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Photo: Tashi Sherpa
31 Mar 2016

Mountain and Environment

Nepal is famous as a great country to go trekking. There are numerous trekking routes suitable for all types of individuals. Some are graded mild to moderate, meaning you won’t have to hike to high altitudes, while others may be graded challenging and difficult, in which case you’ll be doing

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Innovation with lokta paper. Photo: Niraj Maharjan, www.craftyhand.com
30 Mar 2016

Shopping in Kathmandu for high-quality souvenirs

Many visitors to Kathmandu stay in the Thamel district, which is chock-a-block full of souvenir shops and trinket sellers. But while good-quality items and reasonable prices can be found in Thamel, and it is a great place to buy books and cheap clothing, it’s generally better to shop elsewhere if

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Tharu styled huts in Barauli Community Homestay. Photo: Tashi Sherpa
29 Mar 2016

A weekend in Barauli Community Homestay

As a foreign traveller in Nepal, it’s easy to meet and talk to a lot of Nepali men. Most guides are men; men are the point of contact at most travel companies; and although many women work in shops and restaurants in Kathmandu or in family-run enterprises, most Nepalis working

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Rafting on the Bhote Kosi River. Photo: Elen Turner
29 Mar 2016

White-water rafting on the Bhote Koshi

The Bhote Koshi is known as one of the best white-water rafting rivers in Nepal. In March, with the waters quite low before the monsoon season, a day-long rafting trip lived up to that hype. The expert guides shout instructions from their perch at the back of the inflatable boat:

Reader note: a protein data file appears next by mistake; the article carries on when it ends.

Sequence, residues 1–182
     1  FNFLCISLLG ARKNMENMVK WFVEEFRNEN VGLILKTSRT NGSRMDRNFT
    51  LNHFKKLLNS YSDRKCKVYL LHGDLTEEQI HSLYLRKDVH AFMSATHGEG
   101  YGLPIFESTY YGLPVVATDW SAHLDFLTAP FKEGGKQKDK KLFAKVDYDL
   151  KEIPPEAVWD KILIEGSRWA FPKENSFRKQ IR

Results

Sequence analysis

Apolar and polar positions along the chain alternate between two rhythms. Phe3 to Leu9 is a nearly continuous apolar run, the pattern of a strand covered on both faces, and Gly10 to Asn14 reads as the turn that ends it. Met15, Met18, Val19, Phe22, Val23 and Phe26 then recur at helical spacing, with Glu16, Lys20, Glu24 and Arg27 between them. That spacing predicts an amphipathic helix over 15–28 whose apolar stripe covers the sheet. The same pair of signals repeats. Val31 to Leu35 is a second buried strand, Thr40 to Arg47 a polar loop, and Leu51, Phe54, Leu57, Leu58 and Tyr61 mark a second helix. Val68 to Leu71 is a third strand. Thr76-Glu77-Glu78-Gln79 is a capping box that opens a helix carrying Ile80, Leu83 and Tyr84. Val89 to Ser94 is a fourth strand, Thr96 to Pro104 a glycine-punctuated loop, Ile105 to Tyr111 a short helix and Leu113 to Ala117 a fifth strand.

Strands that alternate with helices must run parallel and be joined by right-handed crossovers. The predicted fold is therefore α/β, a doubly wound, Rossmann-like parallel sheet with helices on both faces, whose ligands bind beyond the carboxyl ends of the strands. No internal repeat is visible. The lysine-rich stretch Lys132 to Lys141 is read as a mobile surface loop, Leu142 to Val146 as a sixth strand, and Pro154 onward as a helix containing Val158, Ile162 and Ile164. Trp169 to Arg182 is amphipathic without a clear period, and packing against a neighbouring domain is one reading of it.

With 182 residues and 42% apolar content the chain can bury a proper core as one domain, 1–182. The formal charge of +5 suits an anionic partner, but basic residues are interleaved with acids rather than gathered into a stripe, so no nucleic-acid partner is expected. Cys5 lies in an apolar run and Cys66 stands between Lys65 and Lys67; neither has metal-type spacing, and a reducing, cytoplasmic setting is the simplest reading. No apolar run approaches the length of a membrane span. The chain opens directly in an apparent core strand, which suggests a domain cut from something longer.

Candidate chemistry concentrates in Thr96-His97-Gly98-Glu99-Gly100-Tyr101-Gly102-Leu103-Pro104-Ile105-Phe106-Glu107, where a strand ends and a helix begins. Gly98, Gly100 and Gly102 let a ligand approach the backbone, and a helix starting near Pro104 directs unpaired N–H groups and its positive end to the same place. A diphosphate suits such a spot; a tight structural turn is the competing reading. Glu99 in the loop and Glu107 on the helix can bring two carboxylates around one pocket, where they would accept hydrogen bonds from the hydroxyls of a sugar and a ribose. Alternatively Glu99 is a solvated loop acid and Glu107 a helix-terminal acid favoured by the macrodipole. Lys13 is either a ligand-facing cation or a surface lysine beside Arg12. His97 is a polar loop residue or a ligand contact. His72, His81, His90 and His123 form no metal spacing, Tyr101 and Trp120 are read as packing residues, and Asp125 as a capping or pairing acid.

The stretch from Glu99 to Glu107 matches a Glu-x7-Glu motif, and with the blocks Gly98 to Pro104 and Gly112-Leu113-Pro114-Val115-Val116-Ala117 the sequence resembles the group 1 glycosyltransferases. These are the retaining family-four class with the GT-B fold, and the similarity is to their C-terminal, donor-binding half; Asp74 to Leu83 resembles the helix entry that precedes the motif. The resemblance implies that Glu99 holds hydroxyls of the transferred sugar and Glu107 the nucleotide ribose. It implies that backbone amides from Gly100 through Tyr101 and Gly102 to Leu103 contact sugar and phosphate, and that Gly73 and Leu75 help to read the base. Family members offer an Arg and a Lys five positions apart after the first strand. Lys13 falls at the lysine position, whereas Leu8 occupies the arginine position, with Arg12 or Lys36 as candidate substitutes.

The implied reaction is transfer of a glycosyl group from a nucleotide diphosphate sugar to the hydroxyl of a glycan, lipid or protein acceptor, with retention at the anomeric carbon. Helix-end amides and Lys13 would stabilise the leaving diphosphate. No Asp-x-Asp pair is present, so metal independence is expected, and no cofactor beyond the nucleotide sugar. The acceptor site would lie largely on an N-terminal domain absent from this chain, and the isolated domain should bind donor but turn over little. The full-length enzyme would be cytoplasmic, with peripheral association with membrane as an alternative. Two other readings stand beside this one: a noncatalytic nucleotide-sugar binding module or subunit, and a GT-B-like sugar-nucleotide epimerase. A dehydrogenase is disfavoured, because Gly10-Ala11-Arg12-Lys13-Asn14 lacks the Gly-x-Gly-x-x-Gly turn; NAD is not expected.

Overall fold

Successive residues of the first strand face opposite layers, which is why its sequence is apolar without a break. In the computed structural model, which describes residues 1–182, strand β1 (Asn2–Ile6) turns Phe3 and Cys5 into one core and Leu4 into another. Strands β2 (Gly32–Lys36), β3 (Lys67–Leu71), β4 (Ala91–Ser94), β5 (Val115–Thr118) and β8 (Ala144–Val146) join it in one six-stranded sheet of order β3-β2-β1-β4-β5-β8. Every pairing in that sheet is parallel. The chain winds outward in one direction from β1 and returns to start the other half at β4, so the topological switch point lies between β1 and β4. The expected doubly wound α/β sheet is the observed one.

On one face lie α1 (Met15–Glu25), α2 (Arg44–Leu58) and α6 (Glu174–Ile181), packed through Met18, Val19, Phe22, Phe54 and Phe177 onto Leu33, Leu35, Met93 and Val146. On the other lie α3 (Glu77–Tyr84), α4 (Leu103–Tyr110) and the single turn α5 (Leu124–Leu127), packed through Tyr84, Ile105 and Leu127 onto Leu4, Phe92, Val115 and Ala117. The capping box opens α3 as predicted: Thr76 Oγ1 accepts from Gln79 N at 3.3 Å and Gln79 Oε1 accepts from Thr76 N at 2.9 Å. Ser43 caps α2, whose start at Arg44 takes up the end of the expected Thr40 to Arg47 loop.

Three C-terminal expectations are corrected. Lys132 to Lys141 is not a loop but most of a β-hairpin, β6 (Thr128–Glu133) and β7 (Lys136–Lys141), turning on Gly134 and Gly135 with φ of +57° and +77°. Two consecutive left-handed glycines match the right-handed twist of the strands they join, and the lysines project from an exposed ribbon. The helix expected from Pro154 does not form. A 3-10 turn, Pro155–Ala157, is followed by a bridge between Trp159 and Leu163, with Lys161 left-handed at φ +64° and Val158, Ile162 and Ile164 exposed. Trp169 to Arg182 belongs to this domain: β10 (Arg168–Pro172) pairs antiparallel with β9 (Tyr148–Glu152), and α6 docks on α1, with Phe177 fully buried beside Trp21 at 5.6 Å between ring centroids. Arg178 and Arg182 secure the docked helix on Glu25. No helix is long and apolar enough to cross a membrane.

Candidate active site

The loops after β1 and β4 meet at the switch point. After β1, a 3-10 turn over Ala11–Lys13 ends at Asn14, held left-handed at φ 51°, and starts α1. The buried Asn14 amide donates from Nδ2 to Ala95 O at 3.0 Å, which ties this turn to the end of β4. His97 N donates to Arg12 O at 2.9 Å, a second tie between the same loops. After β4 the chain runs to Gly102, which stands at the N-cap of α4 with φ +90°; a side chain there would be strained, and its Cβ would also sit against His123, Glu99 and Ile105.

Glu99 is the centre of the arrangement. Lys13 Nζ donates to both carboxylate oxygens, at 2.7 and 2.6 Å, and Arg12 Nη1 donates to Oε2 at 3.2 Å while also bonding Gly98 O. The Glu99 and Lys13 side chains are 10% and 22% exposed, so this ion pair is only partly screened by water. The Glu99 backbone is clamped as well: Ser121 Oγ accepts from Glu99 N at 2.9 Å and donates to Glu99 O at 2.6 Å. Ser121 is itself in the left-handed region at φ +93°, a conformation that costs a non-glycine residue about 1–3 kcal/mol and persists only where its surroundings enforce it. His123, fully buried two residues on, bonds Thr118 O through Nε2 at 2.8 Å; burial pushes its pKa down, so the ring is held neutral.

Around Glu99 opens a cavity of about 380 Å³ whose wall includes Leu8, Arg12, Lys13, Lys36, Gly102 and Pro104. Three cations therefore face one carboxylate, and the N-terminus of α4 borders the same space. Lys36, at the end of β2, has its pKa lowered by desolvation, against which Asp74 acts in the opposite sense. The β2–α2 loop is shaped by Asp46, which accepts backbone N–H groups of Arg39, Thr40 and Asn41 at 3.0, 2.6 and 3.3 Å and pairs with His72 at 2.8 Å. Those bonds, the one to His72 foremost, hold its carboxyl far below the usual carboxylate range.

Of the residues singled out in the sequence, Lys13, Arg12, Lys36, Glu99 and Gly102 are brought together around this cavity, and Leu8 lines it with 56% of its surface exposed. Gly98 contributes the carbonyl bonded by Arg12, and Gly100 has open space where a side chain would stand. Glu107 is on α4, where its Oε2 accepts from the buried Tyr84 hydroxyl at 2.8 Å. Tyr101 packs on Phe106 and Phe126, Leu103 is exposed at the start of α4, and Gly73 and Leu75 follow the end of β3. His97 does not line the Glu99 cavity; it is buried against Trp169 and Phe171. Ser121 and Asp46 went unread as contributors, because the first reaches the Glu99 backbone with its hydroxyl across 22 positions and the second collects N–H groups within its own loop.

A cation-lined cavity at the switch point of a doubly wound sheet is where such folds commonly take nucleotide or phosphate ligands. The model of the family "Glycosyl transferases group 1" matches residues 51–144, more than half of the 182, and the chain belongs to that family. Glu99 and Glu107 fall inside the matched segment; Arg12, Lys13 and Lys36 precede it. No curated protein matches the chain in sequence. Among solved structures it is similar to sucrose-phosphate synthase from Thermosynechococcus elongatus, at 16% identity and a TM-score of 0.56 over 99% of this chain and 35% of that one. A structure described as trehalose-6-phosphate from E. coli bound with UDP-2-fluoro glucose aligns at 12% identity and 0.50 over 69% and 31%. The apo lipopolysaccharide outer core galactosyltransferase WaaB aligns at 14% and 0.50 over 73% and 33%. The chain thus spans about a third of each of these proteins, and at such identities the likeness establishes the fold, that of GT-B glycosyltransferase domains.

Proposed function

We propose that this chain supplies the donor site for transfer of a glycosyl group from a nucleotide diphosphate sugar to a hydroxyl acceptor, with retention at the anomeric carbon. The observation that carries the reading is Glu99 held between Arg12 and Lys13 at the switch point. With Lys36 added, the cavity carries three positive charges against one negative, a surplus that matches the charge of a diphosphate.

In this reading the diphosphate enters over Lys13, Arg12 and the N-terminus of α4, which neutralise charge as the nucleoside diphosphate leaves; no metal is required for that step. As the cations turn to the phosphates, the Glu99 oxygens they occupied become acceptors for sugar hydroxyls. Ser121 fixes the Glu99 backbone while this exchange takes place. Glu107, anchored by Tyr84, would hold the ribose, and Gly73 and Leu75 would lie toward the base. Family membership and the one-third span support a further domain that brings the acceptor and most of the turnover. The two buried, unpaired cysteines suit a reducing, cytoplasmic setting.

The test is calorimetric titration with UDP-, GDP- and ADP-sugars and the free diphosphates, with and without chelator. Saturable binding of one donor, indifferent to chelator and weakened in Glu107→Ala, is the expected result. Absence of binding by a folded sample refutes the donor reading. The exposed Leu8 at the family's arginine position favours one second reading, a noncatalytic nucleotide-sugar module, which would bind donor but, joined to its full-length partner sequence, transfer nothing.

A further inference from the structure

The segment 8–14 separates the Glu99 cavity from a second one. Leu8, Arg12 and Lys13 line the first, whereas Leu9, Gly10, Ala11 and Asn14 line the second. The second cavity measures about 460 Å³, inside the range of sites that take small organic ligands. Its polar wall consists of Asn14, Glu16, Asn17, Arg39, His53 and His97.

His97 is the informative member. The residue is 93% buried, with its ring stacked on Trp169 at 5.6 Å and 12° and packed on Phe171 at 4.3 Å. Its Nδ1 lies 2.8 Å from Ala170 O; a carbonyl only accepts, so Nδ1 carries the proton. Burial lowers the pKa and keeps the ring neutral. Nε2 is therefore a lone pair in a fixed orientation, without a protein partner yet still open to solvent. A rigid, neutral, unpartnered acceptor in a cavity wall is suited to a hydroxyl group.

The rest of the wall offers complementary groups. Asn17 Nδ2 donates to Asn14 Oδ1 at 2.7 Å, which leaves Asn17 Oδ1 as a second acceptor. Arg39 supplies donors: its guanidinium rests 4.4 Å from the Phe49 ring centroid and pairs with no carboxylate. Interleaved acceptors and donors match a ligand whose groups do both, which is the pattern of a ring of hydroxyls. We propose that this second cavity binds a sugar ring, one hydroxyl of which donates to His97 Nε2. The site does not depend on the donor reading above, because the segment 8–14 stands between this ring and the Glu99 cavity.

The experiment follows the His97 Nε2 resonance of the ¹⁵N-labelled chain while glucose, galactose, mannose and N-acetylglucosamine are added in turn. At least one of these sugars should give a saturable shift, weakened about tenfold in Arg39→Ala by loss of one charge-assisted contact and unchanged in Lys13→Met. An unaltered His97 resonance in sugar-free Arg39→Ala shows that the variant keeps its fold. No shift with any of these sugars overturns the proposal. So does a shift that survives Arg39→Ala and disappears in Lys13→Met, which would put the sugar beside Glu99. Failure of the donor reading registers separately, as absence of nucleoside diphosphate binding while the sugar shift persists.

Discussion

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14 Mar 2016

Buying Organic Food in Kathmandu

A review by the London School of Hygiene and Tropical Medicine concluded that organic food does not have any significant advantage over normal food. However, this holds no water with millions of health conscious people around the globe, including in Nepal, where interest in organic food is growing stronger every

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Newari Food Platter. Photo: Sudeep Singh
05 May 2015

Must try food when in Nepal

Attending a traditional Newari feast (lapate bhoye) in Kathmandu is one of the best ways to try Newari food. In fact, the Newar cuisine is famed in the country for its range of different dishes. At a lapate bhoye, all the guests sit on long, narrow straw mats (sukuls) facing

Inside Himalayas 9
Old Tibetan woman making yarn. Photo: Sudeep Singh
04 May 2015

Experiencing the Tibetan Way of Life

In 1959, when Tibet was invaded by China, many Tibetans fled to neighboring countries like India, Bhutan, Sikkim and Nepal. A sizeable number, about 20,000, took refuge in various parts of Nepal, from Ilam and Taplejung in the east to Jumla and Humla in the far west. Many settled down